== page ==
Portrait/Landscape: Genre Boundaries From the collection of the Musée des Beaux-Arts (Museum of Fine Arts), Nantes, France
The exhibition gives viewers a unique opportunity to follow the transformation of portrait and landscape art from the 16th century to the modern age through works from the magnificent collection of the Musée des Beaux-Arts (Museum of Fine Arts) in Nantes, France.
The Museum’s history began in September 1801 when the government issued a decree authorizing the creation of 15 museums in a number of French cities. The «Chaptal Decree» delivered «treasures won from the enemies of the Republic» to these museums. Since 1838 the museum has adhered to the policy defined by a decision of the City Council, which was above all to acquire works by modern masters (of the respective periods). For example, the Museum’s collection includes more than 2,000 works created from 1950 to 2010.
The goal of the exhibition is to show the transformation that traditional genres like portrait and landscape art have undergone by discovering their «traces» in the art of the latter third of the 20th century and the early 21st century. Both works of classical art and works of the first half of the 20th century that shattered the entrenched conceptual and compositional formulas of portrait and landscape art were chosen as starting points and reference models.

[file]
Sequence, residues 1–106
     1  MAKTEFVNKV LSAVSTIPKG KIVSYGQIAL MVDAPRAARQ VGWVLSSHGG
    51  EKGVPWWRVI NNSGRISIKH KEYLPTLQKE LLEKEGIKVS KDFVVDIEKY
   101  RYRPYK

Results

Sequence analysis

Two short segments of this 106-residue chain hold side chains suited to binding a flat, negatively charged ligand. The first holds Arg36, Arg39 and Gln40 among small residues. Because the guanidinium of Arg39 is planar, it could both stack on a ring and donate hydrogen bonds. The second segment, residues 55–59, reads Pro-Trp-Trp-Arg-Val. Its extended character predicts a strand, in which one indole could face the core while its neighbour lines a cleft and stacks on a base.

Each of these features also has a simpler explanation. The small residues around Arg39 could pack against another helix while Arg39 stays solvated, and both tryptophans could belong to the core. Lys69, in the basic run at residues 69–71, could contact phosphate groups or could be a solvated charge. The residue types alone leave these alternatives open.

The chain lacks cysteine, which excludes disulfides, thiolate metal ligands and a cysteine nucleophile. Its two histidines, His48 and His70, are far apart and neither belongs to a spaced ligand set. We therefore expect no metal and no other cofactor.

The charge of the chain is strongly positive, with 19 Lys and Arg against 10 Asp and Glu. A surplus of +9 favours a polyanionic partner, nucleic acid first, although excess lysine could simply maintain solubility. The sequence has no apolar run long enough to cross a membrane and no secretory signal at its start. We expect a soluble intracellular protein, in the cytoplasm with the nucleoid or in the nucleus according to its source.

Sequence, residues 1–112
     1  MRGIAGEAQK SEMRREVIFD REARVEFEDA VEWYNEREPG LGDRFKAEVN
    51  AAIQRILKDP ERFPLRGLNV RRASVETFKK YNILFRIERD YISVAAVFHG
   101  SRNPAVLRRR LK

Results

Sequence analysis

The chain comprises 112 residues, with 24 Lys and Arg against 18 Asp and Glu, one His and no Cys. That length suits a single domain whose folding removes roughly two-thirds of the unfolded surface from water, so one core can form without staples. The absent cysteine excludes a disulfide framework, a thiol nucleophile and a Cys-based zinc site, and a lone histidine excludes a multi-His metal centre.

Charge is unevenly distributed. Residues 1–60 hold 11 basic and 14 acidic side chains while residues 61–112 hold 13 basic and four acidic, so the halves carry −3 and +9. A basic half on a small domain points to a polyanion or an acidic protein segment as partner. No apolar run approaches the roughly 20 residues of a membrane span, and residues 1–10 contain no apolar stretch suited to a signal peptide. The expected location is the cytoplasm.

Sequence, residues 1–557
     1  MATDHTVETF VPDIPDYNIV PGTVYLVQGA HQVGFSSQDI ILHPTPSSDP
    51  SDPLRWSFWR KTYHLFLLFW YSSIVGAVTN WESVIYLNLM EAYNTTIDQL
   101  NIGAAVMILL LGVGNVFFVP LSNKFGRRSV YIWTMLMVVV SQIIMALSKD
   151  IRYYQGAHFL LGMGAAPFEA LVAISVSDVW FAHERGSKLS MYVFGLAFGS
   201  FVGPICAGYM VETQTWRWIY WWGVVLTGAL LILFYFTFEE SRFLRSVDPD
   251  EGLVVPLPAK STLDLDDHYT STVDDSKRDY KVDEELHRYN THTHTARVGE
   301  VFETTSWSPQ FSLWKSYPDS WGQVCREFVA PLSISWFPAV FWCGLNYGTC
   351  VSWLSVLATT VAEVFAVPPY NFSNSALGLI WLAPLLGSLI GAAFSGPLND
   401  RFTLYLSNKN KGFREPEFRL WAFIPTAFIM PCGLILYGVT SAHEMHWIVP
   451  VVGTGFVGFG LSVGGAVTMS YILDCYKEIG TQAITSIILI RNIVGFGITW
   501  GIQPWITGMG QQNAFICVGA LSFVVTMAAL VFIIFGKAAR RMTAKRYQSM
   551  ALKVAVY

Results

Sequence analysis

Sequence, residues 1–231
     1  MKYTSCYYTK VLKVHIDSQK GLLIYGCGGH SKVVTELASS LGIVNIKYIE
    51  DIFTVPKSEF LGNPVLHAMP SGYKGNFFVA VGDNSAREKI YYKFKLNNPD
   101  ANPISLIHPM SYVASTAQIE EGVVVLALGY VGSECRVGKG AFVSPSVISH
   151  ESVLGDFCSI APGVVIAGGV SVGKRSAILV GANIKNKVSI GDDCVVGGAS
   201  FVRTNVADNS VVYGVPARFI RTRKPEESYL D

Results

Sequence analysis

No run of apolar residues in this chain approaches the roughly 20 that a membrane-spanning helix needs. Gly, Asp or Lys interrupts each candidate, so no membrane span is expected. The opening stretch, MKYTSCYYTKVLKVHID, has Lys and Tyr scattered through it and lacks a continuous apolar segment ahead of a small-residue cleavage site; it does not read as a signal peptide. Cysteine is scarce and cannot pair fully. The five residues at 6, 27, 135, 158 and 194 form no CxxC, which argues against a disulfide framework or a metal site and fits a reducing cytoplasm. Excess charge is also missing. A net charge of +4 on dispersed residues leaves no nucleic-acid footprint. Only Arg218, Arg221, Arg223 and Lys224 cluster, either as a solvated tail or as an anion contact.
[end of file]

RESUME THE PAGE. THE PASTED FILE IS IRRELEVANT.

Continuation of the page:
The exhibition consists of two independent shows that at the same time are inseparable from one another. The history of the portrait genre began with works of the 16th century, while that of the landscape genre began with the classical landscapes of the 17th century.
Works of old masters include portraits by Tintoretto and Jean-Baptiste Greuze, and landscapes by Jean-Jacques de Boissieu, Herman van Swanevelt, Paul Sérusier, Raoul Dufy, and others. The exhibits consists mainly of paintings, graphic art, photographs and video installations of contemporary artists, including Vito Acconci, Marina Abramovich, Gerhard Richter, Marcial Reis, Gilbert and George, John Baldessari, Douglas Gordon, Fabrice Hybert, Rosemarie Trockel, Pierre Huyghe, and Anri Sala, among others.